As you know, I'm always "dabbling" with my laptop(s) - trying to get me demos performing at their very best.
I run Windows Server 2008 on my demo machine because I use Hyper-V for all my demos.
Yesterday I put a Solid State Disk (SSD) into my current demo laptop.
I ran a few "noddy" tests before I did though - so I could compare:
1st thing I did was take the machine out of its domain and joined a workgroup (didn't want any external influences to affect my tests).
Then I simply timed how long my laptop took from switching it on until I was presented with the logon screen (1 minute and 32 seconds).
Then I booted a virtual machine (with a 9GB VHD on the C:\ drive) - it took 1 minute and 7 seconds.
Now I replaced my 7200rpm disk with my new SSD, Installed Windows and configured it back to where it was (desktop experience, Hyper-V, etc).
Now I ran the same two tests - and the results are amazing!
Boot laptop (used to take 92 seconds) - now takes 36
Boot VM (used to take 67 seconds) - now takes 25
That's more or less 300% quicker - WOW.
Now, I did do my homework before I bought my SSD. I'm not in the business of recommending other people's products, but the OCZ Core v2 SATA II devices are currently the best/quickest.
You'll find them cheaper in the US - but if you don't live there, you'll stumble across the need for an American address and an American credit card. Look what I found - a local/Irish company who sells memory products at the same price (or cheaper) than the US - http://www.memoryc.com/ - and you'll save on the international delivery.
SSDs are still quite expensive for the capacities they offer - but if you need the speed, they're worth every penny!
I'd be interested in hearing about any tweaks you would make to Win2008 / Vista to get the best out of SSD. For example disabling defragmentation or other such services, running and SSD spindle as the C: drive and a traditional HDD as a secondary drive that sort of thing.
I'm running Vista on my little Atom powered netbook and loving it - however I went for a traditional HDD at the time because the performance gains for SSD at that time were not so significant. Now that a new generation of SSD devices are coming online and pricing are coming down it is getting more and more tempting...
Well SSDs are new to me too - so I'm still learning. As far as I know they don't need defragmenting.
I am going to be putting an SDD in as my secondary drive (but it has to be IDE - so it will have to be an old one - not as fast as my OCZ one). I'll do some tests that compare my existing 5400rpm secondary drive and my SDD when I get it.
I could go back down the external drive route (using SDD) - but my goal is my small(ish) light laptop, with no extra stuff that I can forget and/or lose.
I also put 8GB of memory into it yesterday (2x4GB DIMMs) - no impact on performance, but that will let me run twice as many VMs (hopefully - SDDs willing)...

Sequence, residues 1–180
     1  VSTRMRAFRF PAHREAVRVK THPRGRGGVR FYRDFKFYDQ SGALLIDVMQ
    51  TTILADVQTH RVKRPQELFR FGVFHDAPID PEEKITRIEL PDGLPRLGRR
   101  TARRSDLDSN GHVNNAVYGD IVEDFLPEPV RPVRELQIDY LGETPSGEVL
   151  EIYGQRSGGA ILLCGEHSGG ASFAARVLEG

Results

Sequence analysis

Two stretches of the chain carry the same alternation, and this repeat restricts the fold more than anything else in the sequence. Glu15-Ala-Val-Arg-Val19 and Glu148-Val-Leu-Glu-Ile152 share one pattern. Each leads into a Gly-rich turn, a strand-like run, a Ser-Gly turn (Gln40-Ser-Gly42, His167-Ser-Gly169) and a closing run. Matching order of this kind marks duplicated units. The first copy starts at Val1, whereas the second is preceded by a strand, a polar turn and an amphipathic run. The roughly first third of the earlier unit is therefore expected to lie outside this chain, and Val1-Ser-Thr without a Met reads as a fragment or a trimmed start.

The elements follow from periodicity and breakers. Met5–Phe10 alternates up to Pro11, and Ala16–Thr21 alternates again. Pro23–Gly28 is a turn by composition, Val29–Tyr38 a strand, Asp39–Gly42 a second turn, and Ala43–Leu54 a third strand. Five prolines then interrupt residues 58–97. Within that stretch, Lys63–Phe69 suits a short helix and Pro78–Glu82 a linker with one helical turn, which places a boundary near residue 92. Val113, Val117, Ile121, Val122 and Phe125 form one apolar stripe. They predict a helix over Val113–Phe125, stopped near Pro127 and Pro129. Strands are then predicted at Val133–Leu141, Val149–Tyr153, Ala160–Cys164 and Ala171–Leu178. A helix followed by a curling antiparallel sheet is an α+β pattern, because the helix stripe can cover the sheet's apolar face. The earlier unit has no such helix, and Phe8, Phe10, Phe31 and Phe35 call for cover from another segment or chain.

Windows Vista with SP1 (and some tweaks) is faster than Windows Server 2008. Since my last post on this
Dave I have the SSD for a while and they are the digs when it comes to performance. Especially when you take into account all the disk thrashing that vista enjoys doing. I am curious though of the 8GB memory that you specify. Is this a 32 bit machine and if so how can you make your VMs see it. We share goals where laptops are concerned :)
Great post, explained really well and I could really understand. Thank you.
It turns out that how I built my demo laptop is generating a bit of interest.  These posts have
Dave, I've been searching all over for someone who did NOT install their OS on the SSD but used the SSD only to host one or more Hyper-V virtual machines. The only info I come across doesn't seem to be setup even close to that. Actually, most people have completely unorganized statistics which I literally have to assume what their actual configuration is. Do you either have any information or somewhere you can point me to?
Zac, I don't have anywhere to point you to I'm afraid. I do run my VMs from a SSD by the way. I have a second SSD in the DVD bay of my laptop, but it had to be IDE, so it's not a quick one (it is quicker than a spinning disk though). I currently have 11 VMs doing all their reads for Windows from it - I have differencing drives for each VM on two external USB drives (more info here: http://blogs.technet.com/daven/archive/2009/01/12/building-my-demo-laptop-part-2.aspx).
That doesn't mean your laptop will be 300% quicker. First of all: it varies of the components inside the computer, Next of all: it's not possible.
I tried running Far Cry (which is a PC games) on my internal 5400rpm drive and after on my external USB 2.0 7200rpm drive.
People on the internet said that because it doesn't use USB, the internal harddrive is 5 times faster. Is it true? Not at all. It's like 1/4 faster.
i dont now how to use it you idiot